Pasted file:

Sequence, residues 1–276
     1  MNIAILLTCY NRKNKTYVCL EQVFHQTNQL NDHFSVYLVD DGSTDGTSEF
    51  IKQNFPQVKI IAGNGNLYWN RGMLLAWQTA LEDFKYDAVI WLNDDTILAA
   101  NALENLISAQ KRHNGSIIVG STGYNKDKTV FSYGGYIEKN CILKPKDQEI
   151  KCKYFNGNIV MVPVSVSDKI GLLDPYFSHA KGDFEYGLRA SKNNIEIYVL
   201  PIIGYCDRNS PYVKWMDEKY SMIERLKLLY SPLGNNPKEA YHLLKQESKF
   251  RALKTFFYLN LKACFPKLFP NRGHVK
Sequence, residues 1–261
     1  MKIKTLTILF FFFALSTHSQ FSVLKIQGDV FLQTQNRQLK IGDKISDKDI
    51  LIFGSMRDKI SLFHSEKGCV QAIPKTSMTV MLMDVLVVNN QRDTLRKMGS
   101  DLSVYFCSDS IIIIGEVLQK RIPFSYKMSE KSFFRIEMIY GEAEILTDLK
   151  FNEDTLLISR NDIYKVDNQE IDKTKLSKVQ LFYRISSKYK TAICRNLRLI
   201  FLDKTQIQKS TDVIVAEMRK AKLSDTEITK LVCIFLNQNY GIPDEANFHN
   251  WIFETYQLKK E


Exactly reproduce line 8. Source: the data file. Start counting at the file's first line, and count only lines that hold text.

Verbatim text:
Sequence, residues 1–261